So we got cracking and turned the egg timer over.

We moved through John’s storm-damaged orchard, the B4207’s rainblatted branches and towards the shifting territories of Fox Park in Bristol.  We wrote through the roots of our poems, sharing what we had in common, pinching things in towards the middle and moving outwards into those cones to sound out the differences.  Which were also sort of the similarities.  Echoes rang out: storms, trees, territories, damage, claims on language, claims on loss, turning up after the show is all over to pick through the leaves and soil(ed remains).

And took this to London for SJ Fowler‘s incredible Camaradefest ii at Rich Mix, where 100 poets in 50 pairs read whatever their interests and intersects had taken them towards.  There was this exercise in intimacy from Ross Sutherland and Thomas Bunstead and this incised extimacy with Eley Willams and Prudence Chamberlain and more things than I can try to cleverly word from more poets than I can fit in my car and drive around the Carr-Clegg coniunctio.  There was everything I could want: flip-charts, trip ups, rip-roaring laughter and pillows in swimsuits and sexy poems and power steeples and that was only the first hour.  It was wonderful and a bit messy and a lot good.

As John and I started the day, rolling up onto a cold stage, it was difficult to feel all that energy that would later roll from pairing to pairing.  But it was an honour to kick off such a day with this quiet tripped-up triptych:

I met John for the first time a few minutes before this was recorded and we had quickly arranged ourselves according to the compass: me on the west, John on the east.  It was a strange idea to be hurrying into London (another intersection, another neutral ground, another (0,0) on the axis I guess) to read this ‘from’ Bristol.  In truth, I had just arrived from, if not John’s orchard then from John’s city.  Two weeks ago I crossed back over with myself and went back to Cambridge to start a PhD in poetry and sculpture at Newnham College. There I am, overwriting, overdoing it:

grass

I am still committed to my projects in Bristol (my residency at the Bristol Poetry Institute, my teaching at RWA in the new year, a seminar for AWWA, amongst them) and I am excited to see how research and practice might also intersect and be another kind of axis.  The egg timer turns over again and as I am driving endlessly back between Bristol and Cambridge (surely driving through this midpoint we have visited online?) I feel like I’m stuck on that infinity loop, meeting myself in the middle.  And it was great to have so much (and such great!) company at the midpoint this time.

Thanks to John and Steven and to all the poets on Saturday, and if you missed out, all the videos are here.

11stonehand

The incredible Stephanie Elizabeth Third dug down with me in the Bristol Biennial week to document the performances of MINE in Goldney Grotto.  For all those of you who missed out on tickets, here are the playing cards, the Bristol Diamonds, the poison ring, the poem learnt by (Ox)heart, the time trapped in pebbles, the squat, clammy stalagmite I poured from a bottle.

12returnstone

10goram 10place 15pour

I am so grateful to see the other side of my face during the reading, because if anything, MINE taught me that people’s listening-to-poetry faces are identical to their cross faces.  There were gorgeous moments when the furrowed brows gave way to laughter and a few sudden tears, but mostly, the audience seemed to be squinting at the cave walls, endlessly searching for the Oxheart clam or perhaps waiting for a rare rhyme.  Thanks to Steph for gathering all these different faces, all six faces of the crystal.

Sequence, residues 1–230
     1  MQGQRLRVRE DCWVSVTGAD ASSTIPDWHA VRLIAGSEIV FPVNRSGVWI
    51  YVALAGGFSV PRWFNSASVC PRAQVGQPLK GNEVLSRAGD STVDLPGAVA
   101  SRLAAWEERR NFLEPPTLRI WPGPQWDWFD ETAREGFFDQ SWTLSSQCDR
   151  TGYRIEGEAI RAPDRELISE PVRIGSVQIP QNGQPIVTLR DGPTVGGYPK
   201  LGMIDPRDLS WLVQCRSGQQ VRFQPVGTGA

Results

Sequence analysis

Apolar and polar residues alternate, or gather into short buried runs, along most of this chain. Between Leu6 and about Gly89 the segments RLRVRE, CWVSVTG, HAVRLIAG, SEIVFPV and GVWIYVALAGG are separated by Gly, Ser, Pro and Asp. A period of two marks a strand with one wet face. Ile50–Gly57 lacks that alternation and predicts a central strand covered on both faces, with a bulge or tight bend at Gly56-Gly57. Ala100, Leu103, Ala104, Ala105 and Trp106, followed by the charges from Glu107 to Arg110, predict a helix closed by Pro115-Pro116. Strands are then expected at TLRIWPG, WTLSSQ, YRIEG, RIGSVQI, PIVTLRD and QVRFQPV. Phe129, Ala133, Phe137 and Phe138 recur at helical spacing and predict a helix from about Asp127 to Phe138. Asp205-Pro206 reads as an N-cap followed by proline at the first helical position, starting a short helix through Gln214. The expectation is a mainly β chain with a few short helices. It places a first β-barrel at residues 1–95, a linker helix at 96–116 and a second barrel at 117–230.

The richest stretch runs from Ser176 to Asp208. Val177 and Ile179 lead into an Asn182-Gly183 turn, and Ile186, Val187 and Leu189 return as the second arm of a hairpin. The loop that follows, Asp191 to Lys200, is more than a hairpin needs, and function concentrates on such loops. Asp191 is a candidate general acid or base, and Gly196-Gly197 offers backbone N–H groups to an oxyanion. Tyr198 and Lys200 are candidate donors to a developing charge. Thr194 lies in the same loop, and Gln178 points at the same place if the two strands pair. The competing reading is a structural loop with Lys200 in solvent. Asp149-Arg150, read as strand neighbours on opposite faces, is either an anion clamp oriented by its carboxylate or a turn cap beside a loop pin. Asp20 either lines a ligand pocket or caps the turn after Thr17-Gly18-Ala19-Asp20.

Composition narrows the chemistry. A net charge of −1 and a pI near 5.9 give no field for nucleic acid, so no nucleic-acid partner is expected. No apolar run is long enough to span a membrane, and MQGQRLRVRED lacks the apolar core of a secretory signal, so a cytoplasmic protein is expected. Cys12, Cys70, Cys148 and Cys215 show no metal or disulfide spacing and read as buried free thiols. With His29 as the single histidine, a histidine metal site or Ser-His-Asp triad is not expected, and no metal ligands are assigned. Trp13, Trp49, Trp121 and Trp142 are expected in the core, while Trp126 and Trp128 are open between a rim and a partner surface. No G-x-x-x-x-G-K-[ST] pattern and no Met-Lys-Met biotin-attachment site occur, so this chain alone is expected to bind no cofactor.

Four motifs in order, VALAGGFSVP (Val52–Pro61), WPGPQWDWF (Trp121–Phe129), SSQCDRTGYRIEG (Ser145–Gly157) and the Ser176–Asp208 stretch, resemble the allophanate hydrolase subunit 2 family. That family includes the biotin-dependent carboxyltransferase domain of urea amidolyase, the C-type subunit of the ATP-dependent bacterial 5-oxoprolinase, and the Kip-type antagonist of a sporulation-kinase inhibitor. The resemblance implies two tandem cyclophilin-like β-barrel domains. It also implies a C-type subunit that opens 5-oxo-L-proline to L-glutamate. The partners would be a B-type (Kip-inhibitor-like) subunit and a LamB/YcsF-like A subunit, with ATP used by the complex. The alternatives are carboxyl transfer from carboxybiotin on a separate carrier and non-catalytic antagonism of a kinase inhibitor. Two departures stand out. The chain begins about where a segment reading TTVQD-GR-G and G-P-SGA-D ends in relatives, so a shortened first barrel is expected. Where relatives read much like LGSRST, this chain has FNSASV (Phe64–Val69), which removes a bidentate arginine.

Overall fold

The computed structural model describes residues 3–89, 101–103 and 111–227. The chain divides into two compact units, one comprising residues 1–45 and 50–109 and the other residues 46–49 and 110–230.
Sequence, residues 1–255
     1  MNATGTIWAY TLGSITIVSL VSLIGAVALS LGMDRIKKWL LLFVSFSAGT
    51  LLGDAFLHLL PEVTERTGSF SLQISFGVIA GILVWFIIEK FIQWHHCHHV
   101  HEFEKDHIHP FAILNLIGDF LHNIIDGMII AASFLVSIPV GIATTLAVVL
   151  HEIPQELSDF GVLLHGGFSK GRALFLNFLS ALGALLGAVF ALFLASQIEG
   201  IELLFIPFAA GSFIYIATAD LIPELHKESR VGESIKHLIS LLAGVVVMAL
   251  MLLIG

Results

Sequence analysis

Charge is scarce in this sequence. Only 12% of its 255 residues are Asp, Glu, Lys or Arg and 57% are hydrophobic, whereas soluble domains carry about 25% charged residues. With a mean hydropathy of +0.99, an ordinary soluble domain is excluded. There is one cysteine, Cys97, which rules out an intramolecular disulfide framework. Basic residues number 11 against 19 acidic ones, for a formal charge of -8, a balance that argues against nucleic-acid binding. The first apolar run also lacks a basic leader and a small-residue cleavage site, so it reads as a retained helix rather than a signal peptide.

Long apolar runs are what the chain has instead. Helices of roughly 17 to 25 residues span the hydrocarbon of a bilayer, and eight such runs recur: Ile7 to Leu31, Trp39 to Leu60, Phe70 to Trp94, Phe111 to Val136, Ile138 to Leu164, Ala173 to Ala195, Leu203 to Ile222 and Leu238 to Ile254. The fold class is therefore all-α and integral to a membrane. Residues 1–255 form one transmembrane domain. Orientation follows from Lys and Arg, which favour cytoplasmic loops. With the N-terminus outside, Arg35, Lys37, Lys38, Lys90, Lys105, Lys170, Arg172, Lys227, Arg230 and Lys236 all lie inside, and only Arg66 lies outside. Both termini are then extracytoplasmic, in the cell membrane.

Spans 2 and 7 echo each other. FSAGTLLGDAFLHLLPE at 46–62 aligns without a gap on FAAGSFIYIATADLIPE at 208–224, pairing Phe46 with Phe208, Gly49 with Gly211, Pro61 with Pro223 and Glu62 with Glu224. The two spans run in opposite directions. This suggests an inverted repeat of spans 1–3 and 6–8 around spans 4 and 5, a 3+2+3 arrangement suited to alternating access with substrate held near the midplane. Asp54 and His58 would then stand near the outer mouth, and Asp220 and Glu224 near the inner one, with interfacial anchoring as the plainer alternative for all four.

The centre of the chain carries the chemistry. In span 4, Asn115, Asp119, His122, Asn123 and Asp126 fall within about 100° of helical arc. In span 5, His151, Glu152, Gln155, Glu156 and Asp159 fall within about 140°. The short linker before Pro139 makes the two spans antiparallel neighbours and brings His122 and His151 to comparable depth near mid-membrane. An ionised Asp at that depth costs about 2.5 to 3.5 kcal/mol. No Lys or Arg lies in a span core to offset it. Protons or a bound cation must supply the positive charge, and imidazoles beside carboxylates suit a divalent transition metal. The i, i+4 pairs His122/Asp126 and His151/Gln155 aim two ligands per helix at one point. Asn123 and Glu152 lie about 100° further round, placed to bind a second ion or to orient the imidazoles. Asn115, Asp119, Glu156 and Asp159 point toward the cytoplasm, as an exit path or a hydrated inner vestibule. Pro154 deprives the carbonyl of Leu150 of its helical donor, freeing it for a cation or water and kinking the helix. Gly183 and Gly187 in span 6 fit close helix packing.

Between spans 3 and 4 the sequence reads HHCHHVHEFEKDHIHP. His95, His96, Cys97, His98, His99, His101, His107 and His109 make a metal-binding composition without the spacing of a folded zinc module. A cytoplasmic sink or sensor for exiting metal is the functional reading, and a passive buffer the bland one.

1lantern 9read 13point 16skylight

I am also so pleased and so intrigued by the realisation that Steph took these photographs on film.  The unforgiving gloom of the grotto is translated into a speckly haze in the pictures and knowing that, at a chemical level at least, what is left of the performance was caught in a bit of light and silver-halide crystals is just right.

17mite

And what is left of the poem exists in this glittering pamphlet, published by Spike Island and beautifully produced by City Edition Studio.  There are only around 60 copies left at this point so email me at hccwriting@gmail.com if you would like to know more, if you would like to buy one – or if you would like to be a reviewer.

OLYMPUS DIGITAL CAMERA

MINE was commissioned by Bristol Biennial and researched and developed at Spike Island, during a residency in 2013, supported by Arts Council England.  The site-specific performance at the University of Bristol was written with the support of mentor Clare Pollard through the Jerwood / Arvon Mentoring Scheme 2014/5.

bristol biennialThe Bristol Biennial launches this Friday at the Folk House and with just a week to go before the first performance of MINE at Goldney Grotto, I am busily polishing all the Bristol Diamonds and light bulbs I can get my hands on.

In the meantime, there will be an interview with me bright and early on Saturday morning for the The Martin Evans Show on BBC Radio Bristol and Somerset and you can catch sight of me reading part of MINE in the grotto as part of a new series on BBC Inside Out West next week.  Plus a miniature mention in this week’s Guardian Guide (and online here).  Oh me oh mine.

guardianguide

So I thought it might be a good time to sneak a quick peek at the poem.  And as time is tight and time is up and there is still so much to do, I’ve piled it all up into a rushed sort of stalagmite. There’s about two million years here.  I hope that makes us even.

Looking forward to meeting so many of you in the grotto next week to talk amongst the cockles and cowries and Oxheart clams.  If you haven’t already bought tickets, there’s a few left but be quick! And while you’re there, have a wander around the rest of the programme and perhaps I’ll see you again and again at Hug? Or Chimera or Grass Men? Was that a yes?